About the Author

Tony Lee has more than nine years of professional experience pursuing his passion in all areas of information security. He is currently a principal security consultant at FireEye Labs, in charge of advancing many of the network penetration testing service lines. His interests of late are Citrix and kiosk hacking, post exploitation tactics, and malware research. As an avid educator, Tony has instructed thousands of students at many venues worldwide, including government, universities, corporations, and conferences such as Black Hat. He takes every opportunity to share knowledge as a contributing author to Hacking Exposed 7, frequent blogger, and a lead instructor for a series of classes. He holds a Bachelor of Science degree in computer engineering from Virginia Polytechnic Institute and State University and a Master of Science degree in security informatics from The Johns Hopkins University. Email: Tony.Lee -at- FireEye.com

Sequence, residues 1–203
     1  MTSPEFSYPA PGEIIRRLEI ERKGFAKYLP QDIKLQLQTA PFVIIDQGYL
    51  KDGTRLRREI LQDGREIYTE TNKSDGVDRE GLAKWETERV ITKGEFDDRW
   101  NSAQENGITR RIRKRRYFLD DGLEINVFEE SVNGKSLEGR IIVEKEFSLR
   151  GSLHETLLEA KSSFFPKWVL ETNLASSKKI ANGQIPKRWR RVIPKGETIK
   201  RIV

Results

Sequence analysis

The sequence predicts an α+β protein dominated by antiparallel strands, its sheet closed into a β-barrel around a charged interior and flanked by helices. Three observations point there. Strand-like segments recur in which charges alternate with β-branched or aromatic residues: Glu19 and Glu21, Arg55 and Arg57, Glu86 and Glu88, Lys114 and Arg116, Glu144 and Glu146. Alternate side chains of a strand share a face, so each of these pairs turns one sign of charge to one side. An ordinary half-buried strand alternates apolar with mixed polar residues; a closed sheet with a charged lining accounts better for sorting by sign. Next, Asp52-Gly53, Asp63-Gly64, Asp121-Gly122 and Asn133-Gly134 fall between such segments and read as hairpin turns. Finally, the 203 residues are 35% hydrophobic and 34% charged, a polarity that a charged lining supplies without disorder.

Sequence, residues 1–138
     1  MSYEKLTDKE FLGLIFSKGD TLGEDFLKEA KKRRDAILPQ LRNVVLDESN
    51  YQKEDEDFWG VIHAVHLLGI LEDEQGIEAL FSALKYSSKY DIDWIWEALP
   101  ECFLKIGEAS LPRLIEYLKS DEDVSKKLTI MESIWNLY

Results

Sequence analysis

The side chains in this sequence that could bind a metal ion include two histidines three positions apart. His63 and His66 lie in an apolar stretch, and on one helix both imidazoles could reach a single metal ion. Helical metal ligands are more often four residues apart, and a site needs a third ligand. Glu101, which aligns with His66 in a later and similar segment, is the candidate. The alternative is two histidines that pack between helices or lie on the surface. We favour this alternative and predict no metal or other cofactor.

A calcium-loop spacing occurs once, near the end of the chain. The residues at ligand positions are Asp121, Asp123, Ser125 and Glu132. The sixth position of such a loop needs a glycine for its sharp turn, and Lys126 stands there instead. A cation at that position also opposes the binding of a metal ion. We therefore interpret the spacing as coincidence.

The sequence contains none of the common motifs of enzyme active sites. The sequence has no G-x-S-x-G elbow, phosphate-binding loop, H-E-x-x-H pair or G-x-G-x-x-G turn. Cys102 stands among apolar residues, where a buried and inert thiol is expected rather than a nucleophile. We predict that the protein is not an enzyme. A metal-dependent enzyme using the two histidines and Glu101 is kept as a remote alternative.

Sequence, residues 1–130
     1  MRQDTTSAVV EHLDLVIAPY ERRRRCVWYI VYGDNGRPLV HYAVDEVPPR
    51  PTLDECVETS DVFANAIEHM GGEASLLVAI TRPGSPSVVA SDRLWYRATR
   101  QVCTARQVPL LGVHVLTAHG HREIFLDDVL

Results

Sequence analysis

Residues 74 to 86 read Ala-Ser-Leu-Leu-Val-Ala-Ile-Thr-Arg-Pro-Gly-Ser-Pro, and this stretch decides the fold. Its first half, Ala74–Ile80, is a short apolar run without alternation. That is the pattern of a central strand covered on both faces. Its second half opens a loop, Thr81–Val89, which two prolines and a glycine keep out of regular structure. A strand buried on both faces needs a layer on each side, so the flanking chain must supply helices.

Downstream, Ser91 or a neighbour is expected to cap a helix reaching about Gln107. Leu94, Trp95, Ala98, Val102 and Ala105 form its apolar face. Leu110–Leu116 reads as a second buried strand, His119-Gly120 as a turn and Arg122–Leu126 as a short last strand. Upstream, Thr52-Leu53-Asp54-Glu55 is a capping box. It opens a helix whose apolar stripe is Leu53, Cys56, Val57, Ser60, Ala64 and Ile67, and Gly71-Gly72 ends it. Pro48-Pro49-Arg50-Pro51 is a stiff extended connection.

Linked-in: http://www.linkedin.com/in/tonyleevt

About the Author

Dennis Hanzlik has been helping organizations secure their networks and protect information assets for more than 17 years, starting with designing the first secure network architectures for the Air Force. Currently, he is a managing principal on the FireEye Labs team, working with customers to proactively secure their networks against advanced malware and zero-day attacks and to quickly identify, contain, and eradicate threats from their network. Dennis has developed training programs, secure architectures, and compliance programs for a variety of commercial and government organizations, helping them maximize their information security investments and achieve their compliance goals. Many years ago, he graduated from Duke University with an electrical engineering and computer science degree, and he earned his Master of Science degree in computer science from the University of Texas at San Antonio. Email: Dennis.Hanzlik -at- FireEye.com

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An Introduction to Password Cracking

by Jugal Parikh

Test-based passwords have dominated human-computer authentication systems since the

1960s. People use passwords to log in to their online bank accounts, email accounts, online